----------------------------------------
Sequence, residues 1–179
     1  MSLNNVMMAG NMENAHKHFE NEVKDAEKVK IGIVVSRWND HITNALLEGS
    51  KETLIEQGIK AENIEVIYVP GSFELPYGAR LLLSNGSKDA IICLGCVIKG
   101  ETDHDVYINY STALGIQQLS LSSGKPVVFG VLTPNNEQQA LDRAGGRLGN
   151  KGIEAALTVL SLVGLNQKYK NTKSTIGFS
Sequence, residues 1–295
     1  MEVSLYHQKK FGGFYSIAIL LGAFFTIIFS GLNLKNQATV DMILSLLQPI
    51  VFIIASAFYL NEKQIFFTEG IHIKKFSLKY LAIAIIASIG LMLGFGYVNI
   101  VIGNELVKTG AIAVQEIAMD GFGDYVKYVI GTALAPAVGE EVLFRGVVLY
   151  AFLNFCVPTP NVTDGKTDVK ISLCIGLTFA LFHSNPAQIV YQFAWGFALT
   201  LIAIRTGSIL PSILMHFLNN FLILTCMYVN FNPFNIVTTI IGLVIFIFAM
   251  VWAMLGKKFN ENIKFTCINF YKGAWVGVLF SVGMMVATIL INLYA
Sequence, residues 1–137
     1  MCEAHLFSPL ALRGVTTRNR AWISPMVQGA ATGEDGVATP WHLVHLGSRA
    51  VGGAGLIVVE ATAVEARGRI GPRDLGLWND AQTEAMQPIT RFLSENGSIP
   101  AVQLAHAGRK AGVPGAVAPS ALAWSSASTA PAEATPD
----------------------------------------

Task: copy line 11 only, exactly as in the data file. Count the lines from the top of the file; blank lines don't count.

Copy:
   201  LIAIRTGSIL PSILMHFLNN FLILTCMYVN FNPFNIVTTI IGLVIFIFAM